Expect your loved one to have issues with motor functions and vision. Don’t expect them to simply be able to handle everything, but don’t hand them the world with a silver spoon either. You need to help them challenge their minds to stay sharp and fight the disease, but don’t make them sit there and struggle endlessly on a simple task. If they should hit a roadblock and become frustrated, don’t take it out on them. Often times, they are completely unable to control their emotions, and their anxiety can get the better of them.
Be aware that there are cases of people experiencing these symptoms turning on their loved ones or caregivers. They may think you are an impostor, or they might think you stole something of great importance to them.
With that being said, don’t try to argue with a loved one going through fits of anger or anxiety. There is never a point to trying to explain what’s right and what’s wrong. The disease makes it almost impossible for those dots to connect from time to time. Remember, it’s common to witness anger and anxiety in those suffering from Dementia, but you have to remind yourself it is because of a disease.
Communicating With Caregivers
Should a situation arise with a loved one and a caregiver, it might be time to search for a new one or reach out to the facilities to understand how your loved one is being cared for. The other thing you want to check on is why these outbursts are happening. Ask the caregivers about their practices for baths, restroom breaks, meal times, and other areas of contention. Learn their processes, and talk to them about what they can do to make things better for the patients. If they tell you they have 3 people help your loved one shower and it results in an episode, ask them to stop. Sometimes making these simple compromises between all parties involved can result in major benefits for a patient’s mental health.
If these incidents continue, you might want to reach out to your doctor. Talk to them about certain medications that could help your loved one control their symptoms. There is no proven vascular dementia treatment or Alzheimer’s treatment. However, there are medications that have proven to be effective at limiting and suppressing extreme episodes. There are medications that could help your loved one slow down the effects of dementia.
Remember that these people are suffering from a disease, whether it’s vascular dementia, Alzheimer’s, subcortical vascular dementia, or any form of dementia. They might say a few extra colorful sentences, make silly decisions, and even lash out at you in anger. Sometimes, just taking 20 minutes to reset and try again can result in an entirely different outcome.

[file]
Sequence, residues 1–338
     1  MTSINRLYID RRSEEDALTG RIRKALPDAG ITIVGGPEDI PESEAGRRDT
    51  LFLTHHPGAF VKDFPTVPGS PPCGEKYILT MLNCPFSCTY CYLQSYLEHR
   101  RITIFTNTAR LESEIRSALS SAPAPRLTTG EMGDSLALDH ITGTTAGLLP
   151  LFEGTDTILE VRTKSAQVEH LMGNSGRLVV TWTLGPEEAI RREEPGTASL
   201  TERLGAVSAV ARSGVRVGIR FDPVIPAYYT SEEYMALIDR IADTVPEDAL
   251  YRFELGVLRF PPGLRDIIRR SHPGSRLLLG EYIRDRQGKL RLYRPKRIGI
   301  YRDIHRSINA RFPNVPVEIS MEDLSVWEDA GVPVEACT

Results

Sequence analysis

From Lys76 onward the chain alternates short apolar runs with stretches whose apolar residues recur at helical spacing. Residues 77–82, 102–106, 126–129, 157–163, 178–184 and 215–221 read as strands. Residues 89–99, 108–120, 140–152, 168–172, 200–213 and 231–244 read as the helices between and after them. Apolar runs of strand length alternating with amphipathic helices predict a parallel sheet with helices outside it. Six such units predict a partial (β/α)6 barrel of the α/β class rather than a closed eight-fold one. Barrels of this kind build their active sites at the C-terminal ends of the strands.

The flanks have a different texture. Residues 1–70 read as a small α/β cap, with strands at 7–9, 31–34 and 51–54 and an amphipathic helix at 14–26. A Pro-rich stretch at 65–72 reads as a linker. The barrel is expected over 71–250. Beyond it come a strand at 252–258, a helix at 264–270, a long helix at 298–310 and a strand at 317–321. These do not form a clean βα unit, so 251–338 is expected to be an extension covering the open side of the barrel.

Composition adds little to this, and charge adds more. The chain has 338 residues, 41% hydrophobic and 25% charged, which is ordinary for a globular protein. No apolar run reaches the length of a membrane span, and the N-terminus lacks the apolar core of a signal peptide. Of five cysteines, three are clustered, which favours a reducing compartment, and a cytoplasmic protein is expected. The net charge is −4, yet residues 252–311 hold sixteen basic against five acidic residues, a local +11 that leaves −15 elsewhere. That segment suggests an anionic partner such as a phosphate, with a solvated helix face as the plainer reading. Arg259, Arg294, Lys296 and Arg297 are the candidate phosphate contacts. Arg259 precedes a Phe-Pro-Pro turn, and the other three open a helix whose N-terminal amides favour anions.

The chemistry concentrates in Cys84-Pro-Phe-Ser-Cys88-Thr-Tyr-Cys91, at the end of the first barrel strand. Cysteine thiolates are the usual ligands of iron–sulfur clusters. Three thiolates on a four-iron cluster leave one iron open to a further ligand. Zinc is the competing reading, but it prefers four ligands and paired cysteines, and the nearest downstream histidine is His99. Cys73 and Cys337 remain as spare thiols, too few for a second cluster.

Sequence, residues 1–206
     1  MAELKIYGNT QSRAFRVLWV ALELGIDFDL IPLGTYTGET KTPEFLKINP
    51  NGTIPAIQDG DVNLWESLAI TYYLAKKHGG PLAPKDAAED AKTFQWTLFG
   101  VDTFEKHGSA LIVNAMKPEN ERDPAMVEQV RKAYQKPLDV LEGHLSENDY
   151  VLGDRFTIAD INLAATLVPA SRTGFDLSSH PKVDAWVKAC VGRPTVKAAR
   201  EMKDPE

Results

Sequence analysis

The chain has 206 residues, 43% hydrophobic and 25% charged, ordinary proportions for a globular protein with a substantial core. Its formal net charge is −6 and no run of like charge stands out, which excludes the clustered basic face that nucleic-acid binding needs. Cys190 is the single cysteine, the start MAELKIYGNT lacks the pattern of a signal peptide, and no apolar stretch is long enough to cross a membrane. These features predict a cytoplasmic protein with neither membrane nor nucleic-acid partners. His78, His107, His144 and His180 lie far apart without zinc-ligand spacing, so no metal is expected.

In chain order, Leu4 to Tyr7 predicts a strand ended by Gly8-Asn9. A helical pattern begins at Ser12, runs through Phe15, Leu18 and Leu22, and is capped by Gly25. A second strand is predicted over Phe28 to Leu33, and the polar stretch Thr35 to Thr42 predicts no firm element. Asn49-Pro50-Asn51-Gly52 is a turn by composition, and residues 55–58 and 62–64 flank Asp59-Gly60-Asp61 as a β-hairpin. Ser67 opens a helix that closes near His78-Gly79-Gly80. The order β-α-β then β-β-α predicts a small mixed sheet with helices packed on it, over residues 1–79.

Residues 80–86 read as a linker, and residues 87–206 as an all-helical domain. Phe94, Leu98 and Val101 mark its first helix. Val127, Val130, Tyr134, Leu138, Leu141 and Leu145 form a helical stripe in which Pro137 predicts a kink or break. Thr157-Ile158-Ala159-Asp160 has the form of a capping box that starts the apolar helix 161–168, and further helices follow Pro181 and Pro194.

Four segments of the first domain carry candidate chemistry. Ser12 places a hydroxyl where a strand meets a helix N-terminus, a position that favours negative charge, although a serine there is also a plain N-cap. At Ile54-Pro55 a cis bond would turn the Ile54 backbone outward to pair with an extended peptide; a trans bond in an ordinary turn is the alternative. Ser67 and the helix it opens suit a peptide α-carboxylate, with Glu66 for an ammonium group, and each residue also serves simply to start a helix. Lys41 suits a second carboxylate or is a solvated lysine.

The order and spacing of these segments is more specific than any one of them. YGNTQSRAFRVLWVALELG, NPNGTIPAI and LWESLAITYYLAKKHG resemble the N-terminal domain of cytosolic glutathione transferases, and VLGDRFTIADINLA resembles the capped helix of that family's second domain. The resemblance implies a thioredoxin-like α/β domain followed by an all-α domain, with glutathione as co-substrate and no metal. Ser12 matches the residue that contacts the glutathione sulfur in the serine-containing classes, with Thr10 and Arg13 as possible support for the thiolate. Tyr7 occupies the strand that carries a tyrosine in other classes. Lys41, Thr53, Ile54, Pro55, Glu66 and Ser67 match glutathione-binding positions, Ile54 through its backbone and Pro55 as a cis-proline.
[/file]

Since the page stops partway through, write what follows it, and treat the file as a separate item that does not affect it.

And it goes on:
Keeping a cool head while caring for a loved one during these times can make a world of difference.
Getting a Diagnosis for Alzheimer’s vs Vascular Dementia
Getting a diagnosis for vascular dementia or Alzheimer’s can be done with your doctor through a series of tests. Having the conversation about seeing a doctor to get a diagnosis might be a challenge in itself. It can be a sore point for anyone who has to take the testing. Though it might be hard to have this kind of conversation, it’s necessary to see a doctor for a diagnosis. All the testing is necessary to pinpoint the issue.
For vascular dementia, doctors run tests on patients that test their basic function skills. They test their cognitive behavior, communication skills, judgment, and memory with several predetermined tests. They typically use these tests in conjunction with an MRI to help determine if the patient truly suffers from dementia.
For Alzheimer’s, the process is generally similar. With Alzheimer’s, however, it’s more of a test to eliminate all other possibilities. Things like a lack of vitamin B12 can lead to similar memory issues like those found in early-onset dementia. If there are no other direct correlations to memory loss (like lack of B12), Alzheimer’s is likely the diagnosis. If you or a loved one starts to experience the signs of dementia, it’s time to start talking to a doctor. The pathophysiology of dementia is vast in variety but similar in nature across the board.
Final Thoughts on Vascular Dementia vs Alzheimer’s
There are many places you can reach out to for assistance with your loved one suffering from dementia. Whether you need a place equipped to handle everyday life or help around the home: Make sure your caregiver cares the way you do. Many of these care placement centers act like realty companies. That isn’t always the best way to find the right care for your loved one’s needs. Every person’s case is completely individual, so find someone who feels that way when you look for help.
Don’t just have your love one thrown into a home that claims to have great care for dementia patients; find someone who will take care of them like their own. There isn’t one correct option when it comes to understanding and caring for a person with dementia. Find someone who wants to work with you.
Cooperation and evaluation make these situations easier to handle. Attack them head on, and don’t be afraid to ask for help. Take the time and dedicate the patience to working with the medical team. You will find yourself in a better position to care for the person in need.
The Moral of the Story? Never Be Afraid to Ask For Help
If you don’t know where to turn, please, feel free to reach out to Above and Beyond Senior Service Placement. We’ll help you find the right care for your loved one’s condition. More importantly, we’ll get the care they deserve.
We take a family approach to helping you find the right care for your loved one. We provide you with free, non-biased senior care information and placement services. With over 20+ years of quality placement services, you can rest knowing we’ll find the best care. We have amassed an overwhelming amount of heartfelt testimonials, and they all say one thing: we love our clientele.